View profile

How to trim life's fat

Revue
 
 

Idea Journal Weekly 3

July 24 · Issue #253 · View online

We combine 3 ideas to help you think differently and be more creative.


Summary: Not all experiences are created equal. This issue explores a few ideas to help you remove the lowest-value ones from your life.
(~3 min read)

#1. If you believe that life is short, then avoid experiences that waste time
Entrepreneur and Silicon Valley oracle Paul Graham writes that having kids is what finally made him realize that life is in fact short: 
“If Christmas-as-magic lasts from say ages 3 to 10, you only get to watch your child experience it 8 times. And while it’s impossible to say what is a lot or a little of a continuous quantity like time, 8 is not a lot of something. If you had a handful of 8 peanuts, or a shelf of 8 books to choose from, the quantity would definitely seem limited, no matter what your lifespan was.”
Once you know that life is short, arguments in the form of “life is too short for X” are increasingly important.
Graham calls the category of things that life is too short for is “bullshit.”
Philosopher Harry Frankfurt wrote a long and influential essay in 1986 exploring the nature of bullshit, but Graham offers a characteristically succinct definition: “It’s the junk food of experience.” 
Graham recommends asking yourself the following question to distinguish between bullshit and those experiences that actually matter: “Will you care about it in the future?”
#2. Adding more things to your life isn't the only option
Entrepreneur Derek Sivers writes on his blog that your life can be improved by adding things to it – or by subtracting things from it.
Other people and organizations often push us to add more things to our lives because it benefits them, but as Sivers notes, “the secret is to focus on subtracting.”
The “adding mindset” is deeply ingrained. It’s easy to think of what else you need, but harder to look at what to remove.
For Sivers, the least successful people he knows are drawn to distractions, run in conflicting directions, are chained to emotional obstacles, and say “yes” to almost everything.
But the most successful people he knows “have a narrow focus, protect against time-wasters, say no to almost everything, and have let go of old limiting beliefs.”
#3. “Knowing what you’ll say no to is better than knowing what you’ll say yes to.”
Entrepreneurs Jason Fried and David Heinemeier Hansson write in their book It Doesn’t Have to be Crazy at Work that most life hacks, sleep hacks, and time-management hacks don’t work.
These hacks are all driven by an obsession with trying to squeeze more time out of the day.
But as Fried and Heinemeier Hansson point out, rearranging your daily patterns to find more time isn’t the problem: “Too much shit to do is the problem.”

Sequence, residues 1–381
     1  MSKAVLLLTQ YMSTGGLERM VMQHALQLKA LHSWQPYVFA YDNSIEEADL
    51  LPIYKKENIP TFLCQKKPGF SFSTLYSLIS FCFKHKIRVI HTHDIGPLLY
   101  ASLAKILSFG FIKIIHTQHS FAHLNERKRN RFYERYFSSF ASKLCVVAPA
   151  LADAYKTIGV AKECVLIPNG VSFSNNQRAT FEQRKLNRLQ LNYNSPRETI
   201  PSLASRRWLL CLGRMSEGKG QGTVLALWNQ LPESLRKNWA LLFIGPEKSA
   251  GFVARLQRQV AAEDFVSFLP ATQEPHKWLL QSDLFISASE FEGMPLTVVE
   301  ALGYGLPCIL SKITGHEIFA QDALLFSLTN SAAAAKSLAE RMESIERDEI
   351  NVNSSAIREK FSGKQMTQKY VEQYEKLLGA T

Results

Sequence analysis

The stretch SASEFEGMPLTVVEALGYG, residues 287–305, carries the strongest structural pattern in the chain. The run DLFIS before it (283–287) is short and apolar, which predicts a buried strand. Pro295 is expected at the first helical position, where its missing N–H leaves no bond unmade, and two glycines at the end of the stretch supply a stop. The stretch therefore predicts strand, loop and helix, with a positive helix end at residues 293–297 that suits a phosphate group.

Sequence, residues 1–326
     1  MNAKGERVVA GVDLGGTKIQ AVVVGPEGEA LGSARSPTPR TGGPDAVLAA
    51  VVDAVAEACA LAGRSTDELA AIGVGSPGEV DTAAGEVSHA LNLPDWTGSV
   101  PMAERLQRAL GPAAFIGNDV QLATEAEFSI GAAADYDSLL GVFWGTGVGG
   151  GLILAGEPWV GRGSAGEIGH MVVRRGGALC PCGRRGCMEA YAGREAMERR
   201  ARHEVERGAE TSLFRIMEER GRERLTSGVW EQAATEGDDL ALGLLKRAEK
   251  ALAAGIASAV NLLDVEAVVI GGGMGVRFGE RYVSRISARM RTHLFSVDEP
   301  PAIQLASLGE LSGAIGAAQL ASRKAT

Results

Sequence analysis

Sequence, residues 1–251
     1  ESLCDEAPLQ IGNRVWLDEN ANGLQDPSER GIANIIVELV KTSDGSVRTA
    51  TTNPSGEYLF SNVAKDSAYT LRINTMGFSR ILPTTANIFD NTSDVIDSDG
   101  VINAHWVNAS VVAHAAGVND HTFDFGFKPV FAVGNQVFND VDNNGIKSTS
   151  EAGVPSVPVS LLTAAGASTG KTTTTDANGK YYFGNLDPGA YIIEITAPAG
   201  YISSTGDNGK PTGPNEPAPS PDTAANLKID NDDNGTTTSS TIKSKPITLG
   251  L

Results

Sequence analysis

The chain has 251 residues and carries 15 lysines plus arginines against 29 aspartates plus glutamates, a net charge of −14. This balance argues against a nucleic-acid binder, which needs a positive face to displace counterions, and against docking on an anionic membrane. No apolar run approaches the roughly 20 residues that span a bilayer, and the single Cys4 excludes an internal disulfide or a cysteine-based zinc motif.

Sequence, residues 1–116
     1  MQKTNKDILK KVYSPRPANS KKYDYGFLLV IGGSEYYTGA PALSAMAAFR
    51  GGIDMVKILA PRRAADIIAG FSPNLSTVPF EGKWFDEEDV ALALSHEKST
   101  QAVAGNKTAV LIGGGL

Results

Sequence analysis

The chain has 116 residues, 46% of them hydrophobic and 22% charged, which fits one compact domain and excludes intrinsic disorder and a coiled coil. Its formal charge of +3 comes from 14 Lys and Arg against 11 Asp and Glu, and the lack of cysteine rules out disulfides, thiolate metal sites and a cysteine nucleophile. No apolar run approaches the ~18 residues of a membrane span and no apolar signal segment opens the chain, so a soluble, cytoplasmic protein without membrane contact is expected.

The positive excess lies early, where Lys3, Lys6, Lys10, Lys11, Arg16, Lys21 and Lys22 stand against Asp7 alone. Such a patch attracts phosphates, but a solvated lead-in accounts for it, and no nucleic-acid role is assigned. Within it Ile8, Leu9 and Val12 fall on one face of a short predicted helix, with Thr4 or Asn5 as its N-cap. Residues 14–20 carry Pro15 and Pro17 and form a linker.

The way to get more done is to have less to do – you have to say no to claw back time.
Instead of shuffling twelve things so that you can do them in a different order, eliminate seven of the twelve things, and you’ll then have more time left for the remaining five.
It’s not about time-management, it’s about “obligation elimination.”
At their company Basecamp, Fried and Heinemeier Hansson have been ruthless about eliminating work that doesn’t need to be done as well as work they don’t want to do.
They tell a story about simplifying the payment process for both their customers and themselves.
At one point, Basecamp accepted payment by credit card and check. Credit card processing was automated, but the process for accepting checks was manual: the checks were mailed in, so someone had to receive them, process them, deal with incorrect amounts, and ensure that each check was associated with the right account.
In response to this, some companies might have hired a person to process the checks, or come up with some way to use money, technology, or time to try to make the process more automated.
But Fried and Heinemeier Hansson simply eliminated the process altogether.
They admit that the change turned away some revenue and some customers, but for them it was more of a trade away: “We traded some revenue for some time.”
Quote of the week
“Most of any individual’s significant achievements – most of the value someone adds in professional, intellectual, artistic, cultural, or athletic terms – are achieved in a minority of their time. There is a profound imbalance between what is created and the time taken to create it, whether the time is measured in days, weeks, months, years, or a lifetime.”
- Author and consultant Richard Koch in his book The 80/20 Principle
Idea Journal
Idea Journal
Did you enjoy this issue?
In order to unsubscribe, click here.
If you were forwarded this newsletter and you like it, you can subscribe here.
Powered by Revue
New York, NY